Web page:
Biodiversity Net Gain

Biodiversity net gain will soon be a mandatory element for the planning and development industry. Whilst the national planning policy frameworks already encourage no net loss of biodiversity, the biodiversity net gain approach takes this

Great Crested Newt Surveys

Great crested newts come out of hibernation in the early spring. Already we have seen great crested newts heading off to their breeding ponds. We undertake surveys of ponds for great crested newts between mid-March

A Brief Guide to Bats and Loft Conversions

We are often asked what bat surveys are needed for loft conversions and extensions to houses, so here is a simple guide. Bats can roost in houses, typically in the loft spaces, cavity walls, or

Great Crested Newt Surveys

Spring is just around the corner and Ashgrove Ecology is gearing up for another busy field survey season. Great crested newt surveys start next month and normally require four to six surveys to determine whether

Can Our Gardens Save Hedgehogs?

In rural areas, hedgehogs are associated with woodland edges, hedgerows and rough pasture, but they are equally happy in towns where they make use of gardens and other green spaces. Recent research, which mapped hedgehogs

Should We Build on the Green Belt?

The green belt is a planning policy to reduce urban sprawl, encourage the regeneration of brown field sites and help to safeguard the countryside. The green belt is recognised as having a number of important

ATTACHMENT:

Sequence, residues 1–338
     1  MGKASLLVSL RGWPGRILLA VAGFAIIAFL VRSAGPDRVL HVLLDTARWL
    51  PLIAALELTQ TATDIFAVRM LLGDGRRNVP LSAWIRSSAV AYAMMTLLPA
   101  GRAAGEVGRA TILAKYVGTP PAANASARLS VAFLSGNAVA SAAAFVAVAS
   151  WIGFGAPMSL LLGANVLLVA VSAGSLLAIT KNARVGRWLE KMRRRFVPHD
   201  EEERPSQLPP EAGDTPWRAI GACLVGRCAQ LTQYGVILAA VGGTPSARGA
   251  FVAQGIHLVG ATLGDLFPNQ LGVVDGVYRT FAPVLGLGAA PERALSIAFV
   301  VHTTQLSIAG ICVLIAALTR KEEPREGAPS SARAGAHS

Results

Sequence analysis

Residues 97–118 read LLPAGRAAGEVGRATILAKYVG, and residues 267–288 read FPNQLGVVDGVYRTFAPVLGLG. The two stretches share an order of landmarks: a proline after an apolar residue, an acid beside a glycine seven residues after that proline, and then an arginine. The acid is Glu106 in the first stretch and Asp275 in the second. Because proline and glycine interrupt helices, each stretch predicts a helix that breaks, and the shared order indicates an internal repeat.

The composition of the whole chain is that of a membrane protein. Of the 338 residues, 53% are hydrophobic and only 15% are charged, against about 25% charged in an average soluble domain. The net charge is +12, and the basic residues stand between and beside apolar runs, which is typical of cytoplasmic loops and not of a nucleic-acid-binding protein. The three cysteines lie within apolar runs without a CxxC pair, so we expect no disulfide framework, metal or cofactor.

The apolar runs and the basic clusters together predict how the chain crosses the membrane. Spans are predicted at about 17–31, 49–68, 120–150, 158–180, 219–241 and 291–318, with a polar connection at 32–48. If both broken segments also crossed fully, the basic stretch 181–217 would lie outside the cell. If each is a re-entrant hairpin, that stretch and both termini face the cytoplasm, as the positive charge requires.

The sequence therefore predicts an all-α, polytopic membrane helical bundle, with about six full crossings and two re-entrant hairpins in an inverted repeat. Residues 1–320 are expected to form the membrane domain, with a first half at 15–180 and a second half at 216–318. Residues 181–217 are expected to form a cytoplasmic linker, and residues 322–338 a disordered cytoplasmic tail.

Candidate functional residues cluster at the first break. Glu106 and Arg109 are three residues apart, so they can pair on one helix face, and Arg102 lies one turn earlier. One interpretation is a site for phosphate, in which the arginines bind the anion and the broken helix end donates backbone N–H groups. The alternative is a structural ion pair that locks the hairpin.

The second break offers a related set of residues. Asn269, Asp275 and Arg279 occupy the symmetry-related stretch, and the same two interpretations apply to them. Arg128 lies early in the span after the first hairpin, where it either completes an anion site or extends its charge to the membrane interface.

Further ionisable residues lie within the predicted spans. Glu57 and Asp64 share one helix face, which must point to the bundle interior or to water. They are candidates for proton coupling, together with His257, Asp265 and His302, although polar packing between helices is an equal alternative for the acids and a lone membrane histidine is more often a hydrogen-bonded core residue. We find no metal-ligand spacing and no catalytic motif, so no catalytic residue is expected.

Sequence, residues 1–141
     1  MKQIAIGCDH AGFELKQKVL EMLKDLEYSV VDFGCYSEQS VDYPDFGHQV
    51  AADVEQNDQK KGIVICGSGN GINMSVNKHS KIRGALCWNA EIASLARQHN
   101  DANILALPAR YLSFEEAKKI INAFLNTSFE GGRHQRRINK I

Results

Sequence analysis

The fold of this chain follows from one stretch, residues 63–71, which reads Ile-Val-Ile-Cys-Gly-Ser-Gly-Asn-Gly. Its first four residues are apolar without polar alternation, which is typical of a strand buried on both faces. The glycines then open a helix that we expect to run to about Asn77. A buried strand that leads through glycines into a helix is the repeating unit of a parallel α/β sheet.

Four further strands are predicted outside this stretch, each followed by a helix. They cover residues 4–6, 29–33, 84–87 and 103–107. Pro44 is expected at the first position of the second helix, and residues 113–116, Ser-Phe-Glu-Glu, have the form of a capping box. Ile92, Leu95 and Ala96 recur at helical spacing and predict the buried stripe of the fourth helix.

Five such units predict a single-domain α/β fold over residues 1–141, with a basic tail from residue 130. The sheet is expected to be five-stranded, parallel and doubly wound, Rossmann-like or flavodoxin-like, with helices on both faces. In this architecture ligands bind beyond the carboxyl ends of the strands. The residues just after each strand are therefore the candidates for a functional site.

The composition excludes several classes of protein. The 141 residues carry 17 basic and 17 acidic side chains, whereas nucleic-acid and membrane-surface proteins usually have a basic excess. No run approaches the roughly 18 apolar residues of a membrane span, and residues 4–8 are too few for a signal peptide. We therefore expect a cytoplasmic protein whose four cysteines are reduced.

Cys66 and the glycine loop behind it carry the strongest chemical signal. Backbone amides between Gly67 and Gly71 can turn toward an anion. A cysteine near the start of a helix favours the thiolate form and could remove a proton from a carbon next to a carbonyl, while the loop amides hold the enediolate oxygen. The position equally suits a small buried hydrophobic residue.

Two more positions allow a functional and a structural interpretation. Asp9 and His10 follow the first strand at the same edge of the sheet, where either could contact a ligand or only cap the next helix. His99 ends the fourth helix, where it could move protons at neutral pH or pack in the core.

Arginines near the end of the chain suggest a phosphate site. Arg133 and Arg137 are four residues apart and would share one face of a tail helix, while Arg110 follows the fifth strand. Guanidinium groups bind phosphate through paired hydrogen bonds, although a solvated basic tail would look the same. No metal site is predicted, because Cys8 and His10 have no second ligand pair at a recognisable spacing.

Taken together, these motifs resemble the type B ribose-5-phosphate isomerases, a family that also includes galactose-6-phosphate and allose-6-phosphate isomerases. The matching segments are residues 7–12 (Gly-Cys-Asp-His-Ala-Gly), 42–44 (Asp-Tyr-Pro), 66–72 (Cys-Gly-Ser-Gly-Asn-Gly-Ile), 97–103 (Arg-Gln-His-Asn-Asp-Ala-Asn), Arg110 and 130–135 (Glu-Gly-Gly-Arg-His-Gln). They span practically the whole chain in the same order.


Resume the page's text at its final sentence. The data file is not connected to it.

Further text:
Ecology Mitigation Can No Longer Screen Out An Appropriate Assessment

Competent authorities (usually Local Planning Authorities) are required to undertake a Habitats Regulations Assessment (HRA) where proposed plans or projects may have a likely significant effect on a European site (Natura 2000 site). European sites

Great Feedback from Consultees

Dear Ashgrove Ecology, I thought I would drop you a line to let you know how much I enjoyed reading your bat report. I always make a point of contacting the ecological consultancy when I

Barbastelle Bats Recorded in London

The rare barbastelle bat has been discovered in London for the first time in over 50 years. The bat was recorded in Hainault Forest Country Park, in Redbridge. Barbastelles roost in the crevices of mature

Two New Marine Special Protection Areas for Birds

Two new Special Protection Areas (SPAs) have been designated around Britain’s coast. This includes a 24 mile stretch of coast from Falmouth Bay to St Austell Bay in Cornwall which is the UK’s most important